This is a great technique for the home welder, as the torch can be used for welding, cutting and bending as required. Oxyacetylene welding is not difficult to pick up as a beginner, but there’s a steep learning curve to make it to expert-level – the complexity arises from the welder having to manipulate the weld bead and precisely control the torch temperature simultaneously. Make sure your space is ventilated to get rid of toxic fumes and gas/smoke releases.
The equipment you need
If you are planning to MIG or TIG weld, you’ll need the appropriate arc welder. You can find multi-purpose welding machines that can switch between the two, if you plan to mix it up later in your welding career. Most people will mount their arc welder to a trolley, which is handy as you can also keep your other welding supplies there as well – flux or solid wires, safety equipment, gas delivery, etc.
Oxyacetylene welders will need the welding equipment, of course, but will also benefit from a purpose-built gas cylinder trolley. These are designed to accommodate standard-sized oxygen and acetylene bottles, secure them against tipping over and allow you to move them in and out of storage or position safely and quickly.
Whatever kind of welding you are doing, you should definitely consider a purpose-built welding table. It’ll help you by providing a sturdy, reliable and heat-resistant surface to weld on; often, they can be height adjusted to ensure you are working comfortably and safely.
Basic safety advice
Whenever you get ready to start welding, even if only for a few seconds, think about the fact that you are working with molten metal and either a very high temperature combustible gas or extremely dangerous electrical arc generators. As a result, you’ll need to dress accordingly – at a minimum you’ll need a mask (to protect the eyes and face from sparks or cast-off molten metals and shield the eyes from damage through looking directly at a very bright torch tip), gloves that insulate from heat, and protective overalls.
Goggles and masks can be found in a range of styles – full face masks with auto-darkening visors (they respond to how bright the torch tip is and get progressively darker, giving the welder a consistent visual input) are at the top end of the range, with basic tinted goggles the more entry-level option.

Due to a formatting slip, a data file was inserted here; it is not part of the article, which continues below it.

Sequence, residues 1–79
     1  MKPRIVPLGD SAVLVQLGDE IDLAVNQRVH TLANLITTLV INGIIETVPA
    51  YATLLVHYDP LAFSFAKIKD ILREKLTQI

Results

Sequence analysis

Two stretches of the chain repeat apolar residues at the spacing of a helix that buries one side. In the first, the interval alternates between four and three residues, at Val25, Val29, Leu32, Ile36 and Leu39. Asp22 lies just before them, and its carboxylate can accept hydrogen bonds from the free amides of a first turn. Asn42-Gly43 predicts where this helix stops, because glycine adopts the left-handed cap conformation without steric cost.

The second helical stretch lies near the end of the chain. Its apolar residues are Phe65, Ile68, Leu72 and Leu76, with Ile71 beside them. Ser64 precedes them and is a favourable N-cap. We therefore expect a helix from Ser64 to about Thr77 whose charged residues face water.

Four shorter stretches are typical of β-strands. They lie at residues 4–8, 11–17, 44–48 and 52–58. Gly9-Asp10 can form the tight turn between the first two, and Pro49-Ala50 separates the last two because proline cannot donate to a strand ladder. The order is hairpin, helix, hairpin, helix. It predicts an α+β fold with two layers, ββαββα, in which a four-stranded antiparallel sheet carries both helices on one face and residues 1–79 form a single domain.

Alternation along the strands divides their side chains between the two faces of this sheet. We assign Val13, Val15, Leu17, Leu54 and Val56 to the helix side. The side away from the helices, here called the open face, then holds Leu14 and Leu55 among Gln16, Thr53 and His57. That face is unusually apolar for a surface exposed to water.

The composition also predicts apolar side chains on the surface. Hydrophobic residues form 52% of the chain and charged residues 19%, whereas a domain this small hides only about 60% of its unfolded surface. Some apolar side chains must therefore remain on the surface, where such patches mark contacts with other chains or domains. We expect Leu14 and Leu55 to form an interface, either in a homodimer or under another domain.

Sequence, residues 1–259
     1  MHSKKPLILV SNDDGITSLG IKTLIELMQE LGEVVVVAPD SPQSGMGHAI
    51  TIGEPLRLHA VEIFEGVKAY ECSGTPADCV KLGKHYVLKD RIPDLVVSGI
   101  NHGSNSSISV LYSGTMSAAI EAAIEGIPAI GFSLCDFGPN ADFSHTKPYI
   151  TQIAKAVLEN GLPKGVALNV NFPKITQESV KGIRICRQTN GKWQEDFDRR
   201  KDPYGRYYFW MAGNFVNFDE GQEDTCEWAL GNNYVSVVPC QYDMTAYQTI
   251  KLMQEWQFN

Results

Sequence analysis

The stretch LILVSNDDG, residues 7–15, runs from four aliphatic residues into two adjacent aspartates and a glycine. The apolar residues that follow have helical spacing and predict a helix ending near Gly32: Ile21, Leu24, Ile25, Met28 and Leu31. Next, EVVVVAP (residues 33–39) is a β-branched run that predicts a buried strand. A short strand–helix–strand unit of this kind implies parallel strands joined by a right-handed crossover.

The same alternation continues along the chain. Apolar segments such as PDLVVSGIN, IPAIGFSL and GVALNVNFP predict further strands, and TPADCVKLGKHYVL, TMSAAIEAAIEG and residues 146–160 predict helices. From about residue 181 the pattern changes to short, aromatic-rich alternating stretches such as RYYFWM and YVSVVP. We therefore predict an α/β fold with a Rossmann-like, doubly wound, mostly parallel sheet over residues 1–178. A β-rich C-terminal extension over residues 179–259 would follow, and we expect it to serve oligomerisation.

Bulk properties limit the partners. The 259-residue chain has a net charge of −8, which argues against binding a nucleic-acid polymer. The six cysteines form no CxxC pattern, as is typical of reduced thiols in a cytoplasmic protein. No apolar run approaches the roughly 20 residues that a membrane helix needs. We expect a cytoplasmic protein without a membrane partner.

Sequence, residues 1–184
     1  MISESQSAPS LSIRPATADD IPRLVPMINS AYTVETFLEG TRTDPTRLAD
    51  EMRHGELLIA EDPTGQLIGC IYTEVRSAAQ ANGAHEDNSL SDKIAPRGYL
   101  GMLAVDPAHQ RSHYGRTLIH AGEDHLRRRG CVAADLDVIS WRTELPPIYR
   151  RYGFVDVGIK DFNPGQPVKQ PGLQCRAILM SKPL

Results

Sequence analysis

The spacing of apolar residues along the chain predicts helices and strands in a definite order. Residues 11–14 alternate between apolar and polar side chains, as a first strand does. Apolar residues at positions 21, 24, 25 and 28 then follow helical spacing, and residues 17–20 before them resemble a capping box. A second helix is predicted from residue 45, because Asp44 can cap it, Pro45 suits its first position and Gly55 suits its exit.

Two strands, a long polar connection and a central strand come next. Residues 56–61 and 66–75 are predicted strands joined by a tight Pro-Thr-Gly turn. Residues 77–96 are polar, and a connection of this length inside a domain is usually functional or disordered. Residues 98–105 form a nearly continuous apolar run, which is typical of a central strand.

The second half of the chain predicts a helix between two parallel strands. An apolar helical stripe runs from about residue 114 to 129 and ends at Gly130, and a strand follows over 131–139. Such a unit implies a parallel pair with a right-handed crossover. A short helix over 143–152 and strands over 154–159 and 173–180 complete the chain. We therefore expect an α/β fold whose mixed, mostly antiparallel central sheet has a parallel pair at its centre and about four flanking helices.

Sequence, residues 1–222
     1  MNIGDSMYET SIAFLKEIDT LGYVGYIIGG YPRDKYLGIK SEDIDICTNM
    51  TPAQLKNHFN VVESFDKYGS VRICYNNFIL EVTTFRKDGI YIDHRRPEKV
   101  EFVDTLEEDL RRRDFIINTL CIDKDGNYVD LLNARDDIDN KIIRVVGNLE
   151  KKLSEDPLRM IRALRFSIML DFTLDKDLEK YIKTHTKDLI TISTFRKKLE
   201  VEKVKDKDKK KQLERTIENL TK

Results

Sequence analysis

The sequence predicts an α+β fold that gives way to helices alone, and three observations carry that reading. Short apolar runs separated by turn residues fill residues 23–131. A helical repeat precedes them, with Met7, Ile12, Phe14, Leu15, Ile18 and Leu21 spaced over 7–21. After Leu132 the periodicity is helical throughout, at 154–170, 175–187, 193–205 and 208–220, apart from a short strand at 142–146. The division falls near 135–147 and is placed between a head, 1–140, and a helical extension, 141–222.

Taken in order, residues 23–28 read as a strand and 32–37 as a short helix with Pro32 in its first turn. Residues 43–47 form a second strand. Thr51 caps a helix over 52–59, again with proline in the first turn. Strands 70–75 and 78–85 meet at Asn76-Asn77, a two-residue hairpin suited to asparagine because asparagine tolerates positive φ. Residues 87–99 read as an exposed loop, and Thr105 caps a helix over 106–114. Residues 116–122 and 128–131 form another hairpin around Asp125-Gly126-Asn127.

Cover as much skin as you can – if you don’t want to buy overalls, you can get away with a long-sleeved cotton shirt (stay away from polyester when dealing with heat). If you can, supplement your outfit with a leather apron. Gloves or gauntlets should also be heavy-duty (leather, ideally) but shouldn’t interfere with your ability to grip and hold equipment or turn gas taps/switches on or off.
Welding isn’t necessarily the kind of thing that you can just pick up and become proficient at. There is a wealth of resources available to you though, whether you’re a beginner or an expert. There are books, and YouTube videos and online tutorials are available for free, or you can attend in-person classes and training courses that will give you a solid foundation to build on, or hone the skills that you've already picked up.
Author Bio: First Mats started life as safety matting specialists, but have since expanded to become a complete industrial and commercial supplies company. The focus of First Mats is to provide safety-focused products that improve the wellbeing of staff through quality approved products, backed up by extensive knowledge. www.firstmats.co.uk